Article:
Biden Attempts to Tie PRO Union Act With Infrastructure Spending Bill

Mish

Business community, labor groups and progressives square off over the PRO Act.

Progressives Push Union Agenda

In a move I believe will fail, Democrats Tie Infrastructure Package to the PRO Act.

Progressives, labor unions and the business community are squaring off over the Protecting the Right to Organize Act. The bill would make it easier for gig workers and other independent contractors to unionize and set an enforceable timeline for union-employer negotiations to commence. It would also undercut states’ “right to work” laws by allowing unions to collect dues from workers who opted out.

The path of the union bill is hazy as Congress starts to transform Mr. Biden’s outline into legislation. The labor proposal doesn’t square with Senate rules on what sort of legislation can typically be advanced with just a simple majority; most Republicans oppose it and several Democrats in the 50-50 chamber have remained noncommittal in their stance.

“The president supports the PRO Act and wants to see it passed in its entirety,” the official said. Tim Schlittner, communications director for the AFL-CIO, said removing the act from the emerging legislation would be a mistake.

Passage Not Likely 

Passage is unlikely because Democrats cannot advance the bill in the Senate under budget reconciliation rules. 

And if not, Republicans would kill the measure with a filibuster. Moreover, it's not clear if the Democrats even have 50 votes.

The PRO Act was approved by the House last month, 225-206, with the support of nearly all Democrats and five Republicans. 

Senator Joe Manchin (D., W.Va.) and Kyrsten Sinema (D., Ariz.) haven’t not yet expressed support. 

If one of them decided against then Democrats would need at least one Republican to vote aye. 

Democrats once again have their eyes on changing filibuster riles, but even then it is not clear they have 50 votes for the PRO Act.

Finally, both Manchin and Sinema are between unlikely and highly unlikely to change the filibuster rules.

Right to Work

I fully support right-to-work laws and hope the Supreme Court takes up a case. 

In Janus vs. AFSCME (2018), the Supreme Court correctly dealt a huge blow to forced membership in unions.

I commented Supreme Court Delivers Huge Blow to Unions!

Mark Janus

By a 5-to-4 vote, with the more conservative justices in the majority, the court ruled that government workers who choose not to join unions may not be required to help pay for collective bargaining.

End Run Around Janus

As an end run around Janus, Democrats seek to force everyone to join a union. 

I believe that is unconstitutional.

I hope for a broader Supreme Court test, mandating right-to-work across the board.

Lost Opportunity

Trump had a chance in the first two years to pass national right-to-work legislation. 

Instead, he wasted two years messing with killing Obamacare entirely, something he was never going to have enough votes for.

Why I Hate Unions

For discussion, please see Unions Target Amazon to Increase Dwindling Members; Why I Hate Unions

Also note my April 9 post, By an Overwhelming Margin Alabama Amazon Workers Reject the Union.

Public Unions Ought to Be Illegal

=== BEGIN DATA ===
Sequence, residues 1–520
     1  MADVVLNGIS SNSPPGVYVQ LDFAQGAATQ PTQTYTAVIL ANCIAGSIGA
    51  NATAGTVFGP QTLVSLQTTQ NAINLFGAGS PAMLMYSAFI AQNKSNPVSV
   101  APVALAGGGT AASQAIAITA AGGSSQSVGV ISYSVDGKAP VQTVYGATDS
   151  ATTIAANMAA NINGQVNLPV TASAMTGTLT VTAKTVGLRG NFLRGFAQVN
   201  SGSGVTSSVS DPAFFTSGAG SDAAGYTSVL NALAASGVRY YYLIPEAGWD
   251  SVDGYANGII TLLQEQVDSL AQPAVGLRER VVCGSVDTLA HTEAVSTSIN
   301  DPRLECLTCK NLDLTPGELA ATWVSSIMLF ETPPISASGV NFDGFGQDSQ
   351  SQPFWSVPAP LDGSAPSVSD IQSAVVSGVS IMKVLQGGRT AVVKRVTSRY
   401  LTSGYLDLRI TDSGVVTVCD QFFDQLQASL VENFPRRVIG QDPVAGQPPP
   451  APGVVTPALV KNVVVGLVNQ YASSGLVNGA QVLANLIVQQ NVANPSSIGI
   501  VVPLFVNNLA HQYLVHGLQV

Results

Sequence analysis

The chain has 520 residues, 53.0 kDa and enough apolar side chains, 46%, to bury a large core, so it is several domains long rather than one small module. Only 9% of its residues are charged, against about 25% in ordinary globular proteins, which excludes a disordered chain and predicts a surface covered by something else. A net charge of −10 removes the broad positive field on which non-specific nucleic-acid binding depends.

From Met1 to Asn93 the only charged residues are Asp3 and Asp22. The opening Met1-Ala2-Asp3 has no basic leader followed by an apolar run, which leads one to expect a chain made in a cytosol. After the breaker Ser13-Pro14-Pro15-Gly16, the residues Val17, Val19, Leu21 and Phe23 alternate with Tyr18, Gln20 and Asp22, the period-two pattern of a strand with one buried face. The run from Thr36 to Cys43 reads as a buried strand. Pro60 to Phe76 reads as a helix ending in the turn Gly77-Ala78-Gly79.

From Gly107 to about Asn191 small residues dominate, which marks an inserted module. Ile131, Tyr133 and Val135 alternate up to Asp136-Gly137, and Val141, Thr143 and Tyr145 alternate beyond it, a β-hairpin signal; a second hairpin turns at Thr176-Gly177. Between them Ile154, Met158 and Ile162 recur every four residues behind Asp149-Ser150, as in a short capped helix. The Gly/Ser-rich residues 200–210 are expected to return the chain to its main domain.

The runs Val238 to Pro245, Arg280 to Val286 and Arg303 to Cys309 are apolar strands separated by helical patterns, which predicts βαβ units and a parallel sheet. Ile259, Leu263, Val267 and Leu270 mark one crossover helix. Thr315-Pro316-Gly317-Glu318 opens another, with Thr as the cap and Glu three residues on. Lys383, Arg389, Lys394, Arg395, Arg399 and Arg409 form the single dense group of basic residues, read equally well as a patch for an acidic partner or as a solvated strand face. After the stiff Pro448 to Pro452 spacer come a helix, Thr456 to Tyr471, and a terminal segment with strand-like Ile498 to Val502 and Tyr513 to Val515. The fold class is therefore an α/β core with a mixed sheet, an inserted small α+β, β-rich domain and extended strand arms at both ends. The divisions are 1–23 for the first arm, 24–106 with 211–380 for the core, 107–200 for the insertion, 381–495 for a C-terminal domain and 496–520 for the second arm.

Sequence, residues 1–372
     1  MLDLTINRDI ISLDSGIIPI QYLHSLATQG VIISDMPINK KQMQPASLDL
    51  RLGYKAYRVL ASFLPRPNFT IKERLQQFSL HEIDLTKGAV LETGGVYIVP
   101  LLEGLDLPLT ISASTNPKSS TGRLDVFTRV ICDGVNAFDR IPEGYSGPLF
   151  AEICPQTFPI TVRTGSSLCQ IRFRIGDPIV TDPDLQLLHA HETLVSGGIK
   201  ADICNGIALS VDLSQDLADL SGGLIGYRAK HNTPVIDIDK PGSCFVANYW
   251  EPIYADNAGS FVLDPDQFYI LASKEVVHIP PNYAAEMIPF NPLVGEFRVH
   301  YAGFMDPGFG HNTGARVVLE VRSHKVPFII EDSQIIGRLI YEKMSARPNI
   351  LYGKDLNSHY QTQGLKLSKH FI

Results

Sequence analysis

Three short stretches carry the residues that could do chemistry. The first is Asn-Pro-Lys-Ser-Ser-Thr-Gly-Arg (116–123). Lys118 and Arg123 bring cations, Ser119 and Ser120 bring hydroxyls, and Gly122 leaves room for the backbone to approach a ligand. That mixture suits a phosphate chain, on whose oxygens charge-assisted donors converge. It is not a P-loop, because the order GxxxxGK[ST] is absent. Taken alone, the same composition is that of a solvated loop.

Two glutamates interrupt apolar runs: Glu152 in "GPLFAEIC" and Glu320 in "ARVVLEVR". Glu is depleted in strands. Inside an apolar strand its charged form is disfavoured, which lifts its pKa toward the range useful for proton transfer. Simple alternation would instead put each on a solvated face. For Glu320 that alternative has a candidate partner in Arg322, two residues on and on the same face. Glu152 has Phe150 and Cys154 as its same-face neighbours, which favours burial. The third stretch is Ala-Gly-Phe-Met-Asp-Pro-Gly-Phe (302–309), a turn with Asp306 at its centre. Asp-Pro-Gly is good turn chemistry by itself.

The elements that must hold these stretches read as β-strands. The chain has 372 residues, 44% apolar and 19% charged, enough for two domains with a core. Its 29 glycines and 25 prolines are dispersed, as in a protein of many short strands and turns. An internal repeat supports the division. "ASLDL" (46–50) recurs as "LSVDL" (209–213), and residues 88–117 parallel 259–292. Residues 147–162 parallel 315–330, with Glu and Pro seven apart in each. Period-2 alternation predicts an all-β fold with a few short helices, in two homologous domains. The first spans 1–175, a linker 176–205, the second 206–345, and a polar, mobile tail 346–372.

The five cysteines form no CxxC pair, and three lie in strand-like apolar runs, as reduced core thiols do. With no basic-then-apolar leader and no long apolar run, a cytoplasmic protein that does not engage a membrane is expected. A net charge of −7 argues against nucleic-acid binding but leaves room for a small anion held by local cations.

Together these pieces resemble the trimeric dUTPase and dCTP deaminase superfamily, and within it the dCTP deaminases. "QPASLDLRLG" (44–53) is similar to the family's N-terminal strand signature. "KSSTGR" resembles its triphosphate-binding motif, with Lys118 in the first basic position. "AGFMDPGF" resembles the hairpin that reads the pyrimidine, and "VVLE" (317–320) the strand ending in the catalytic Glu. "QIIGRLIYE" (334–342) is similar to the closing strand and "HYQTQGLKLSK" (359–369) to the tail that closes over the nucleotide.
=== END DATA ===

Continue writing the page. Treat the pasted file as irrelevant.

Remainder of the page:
I salute Ronald Reagan for firing all the PATCO workers when they attempted to shut down air traffic.

Public unions protect bad cops, bad teachers, even pedophiles.

For discussion, please see Public Unions Have No Business Existing: Even FDR Admitted That

Mish

Comments (13)
No. 1-6
PecuniaNonOlet
PecuniaNonOlet

Slightly OT but...it seems government is fully aware of the coming disaster with coastal flooding on both sides of the political aisle but no one wants to talk about it,

  • The White House infrastructure plan included just one sentence about it, saying the American Jobs Plan will provide “transition and relocation assistance to support community-led transitions for the most vulnerable tribal communities.”*
Eddie_T
Eddie_T

I think it’s good for the Democratic Party to do something pro union......I’d much rather see a platform built around labor organizing than one based on identity politics and social justice for people who think the world owes them something extra because they weren’t born Caucasian, or because they’re not heterosexual or “cis gendered."

I do support the right to work without being forced to pay union dues however. And I fully acknowledge that public employee unions have gotten completely out of control.

But corporations have too much power over workers now, and workers deserve a living wage. I think there is a place for organized labor, which would be a tempering factor in the rise of wealth inequality.

PecuniaNonOlet
PecuniaNonOlet

Mish, would be great for you to do an economic update on brexit. I am still waiting for rainbows and unicorns. From what I read, it seems like rough seas and demons.

Sechel
Sechel

Right to work laws increase employment but drive down wages. On balance they benefit employers over employees. Let's be honest, in a factory, warehouse or plant it's an asymmetric relationship. Unions level the playing field

Zardoz
Zardoz

It's all gravy, might as well put it on the train.

Casual_Observer
Casual_Observer

Corporations also protect bad people. If you are going to go down the path of protecting bad people, I think corporations are a lot worse than public unions.


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